Wednesday, February 12, 2014

Deferring Dreams, Ignoring Truths, and Wearing Blinders in the United States

On days like today, when I'm exhausted and seeking 60 more minutes of productivity, I hate the limits of the human brain and body. Although I'm paid to teach undergraduate and graduate courses, a 3rd of my job continues to be out in K-12 schools. In Connecticut, when I visit schools ten-minutes apart, it is like visiting varying countries. The disparities are extreme and when a teacher was setting up her class in preparation of Hughes' "A Dream Deferred" I couldn't help to think deeply about these words.

Personally, I'm ready for an explosion - not a Malcolm X rebellion, but a Mandela protest with dignity (although I get the violence, as did S. Africa one day).

In schools, I often see teachers and students festering like sores, unable to find sugar to cover up the realities of their everyday truths with syrupy sweet lies. They are in buildings that are nothing but the truth.

Today, I left thinking about dreams, who is encouraged to have them, and who grow up in communities where they are made possible through economics, parenting, opportunities, and safety. This is not the reality for all youth in this country and many: English language learners, immigrants, African Americans, and the poor are born into what seem to be impossible circumstances. Yes, there are miraculous teachers and students in every school, but to overcome the circumstances of what they know as truth everyday is not an easy task.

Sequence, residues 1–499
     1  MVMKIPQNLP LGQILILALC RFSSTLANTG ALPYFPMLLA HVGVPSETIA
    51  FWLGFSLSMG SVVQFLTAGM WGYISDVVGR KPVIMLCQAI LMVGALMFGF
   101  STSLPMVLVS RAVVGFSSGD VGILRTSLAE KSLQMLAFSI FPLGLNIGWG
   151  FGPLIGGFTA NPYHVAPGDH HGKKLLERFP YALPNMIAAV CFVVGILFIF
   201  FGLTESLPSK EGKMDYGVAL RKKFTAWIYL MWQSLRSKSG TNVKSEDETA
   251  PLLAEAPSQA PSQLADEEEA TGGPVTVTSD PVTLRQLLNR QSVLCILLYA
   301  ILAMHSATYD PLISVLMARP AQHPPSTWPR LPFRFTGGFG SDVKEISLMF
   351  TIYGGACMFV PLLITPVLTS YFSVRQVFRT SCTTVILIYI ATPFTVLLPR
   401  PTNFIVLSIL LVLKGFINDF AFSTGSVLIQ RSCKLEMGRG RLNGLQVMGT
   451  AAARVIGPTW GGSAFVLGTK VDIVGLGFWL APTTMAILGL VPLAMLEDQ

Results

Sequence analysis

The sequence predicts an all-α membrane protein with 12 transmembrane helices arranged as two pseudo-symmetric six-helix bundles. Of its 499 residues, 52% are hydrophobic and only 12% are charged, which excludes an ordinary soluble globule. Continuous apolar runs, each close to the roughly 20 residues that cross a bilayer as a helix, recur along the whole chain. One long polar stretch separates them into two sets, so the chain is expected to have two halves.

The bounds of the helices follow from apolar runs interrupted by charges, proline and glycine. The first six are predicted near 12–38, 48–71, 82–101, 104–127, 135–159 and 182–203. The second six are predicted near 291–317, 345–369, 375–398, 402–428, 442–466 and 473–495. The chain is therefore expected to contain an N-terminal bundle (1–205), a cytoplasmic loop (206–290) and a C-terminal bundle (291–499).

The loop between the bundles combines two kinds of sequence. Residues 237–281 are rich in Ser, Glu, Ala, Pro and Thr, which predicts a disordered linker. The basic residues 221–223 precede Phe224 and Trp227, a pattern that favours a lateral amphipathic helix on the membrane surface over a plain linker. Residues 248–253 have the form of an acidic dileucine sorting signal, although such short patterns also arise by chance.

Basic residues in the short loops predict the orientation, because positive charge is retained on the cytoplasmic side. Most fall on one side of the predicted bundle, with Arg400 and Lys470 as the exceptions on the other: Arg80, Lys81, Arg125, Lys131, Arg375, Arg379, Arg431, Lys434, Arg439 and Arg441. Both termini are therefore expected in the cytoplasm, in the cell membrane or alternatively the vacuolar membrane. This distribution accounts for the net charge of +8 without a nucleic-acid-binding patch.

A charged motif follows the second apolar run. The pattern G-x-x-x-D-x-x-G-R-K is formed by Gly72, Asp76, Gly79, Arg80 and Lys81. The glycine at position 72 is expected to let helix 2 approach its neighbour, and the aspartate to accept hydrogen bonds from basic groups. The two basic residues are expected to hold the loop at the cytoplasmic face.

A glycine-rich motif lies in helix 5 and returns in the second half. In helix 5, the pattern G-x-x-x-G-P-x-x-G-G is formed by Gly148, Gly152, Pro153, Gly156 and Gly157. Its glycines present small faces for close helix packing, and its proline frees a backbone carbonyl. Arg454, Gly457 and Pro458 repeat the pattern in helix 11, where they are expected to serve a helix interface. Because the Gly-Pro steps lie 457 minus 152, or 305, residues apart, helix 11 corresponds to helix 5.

When I returned to my office, an email went out asking faculty to come to a fund raiser to help raise money to send college kids to Atlanta for a service learning trip. I am all about giving back to others, but this call bothered me because it advertised a social justice program for working with impoverished immigrants in Atlanta over spring break. The goal is to give college students a vacation with a good cause and funds are being solicited so they have this opportunity. I couldn't help but be cynical. If students want to help out and work with marginalized youth, they can travel three miles east and experience it every day. This made me think about the international service trips to 3rd world countries that cost universities much money, and which return students with pride and new outlook on the world. I wonder, though, at what cost. Who is really benefiting from such service? Why do we send people out of state or overseas to help when there is much needed in many of the schools I visit and within the communities that I work closest with.

I wonder sometimes if we have created a tourist culture for the privileged to go on safari of those living in poverty. Where are the keychains, t-shirts, and gift bags to commemorate participation?
It's troublesome to me and 'sagging' like a heavy load on my brain.

This is what is on my mind Wednesday morning. I'm off to do another day of workshops with youth in such schools. Maybe, just maybe, keeping the dream alive will occur.

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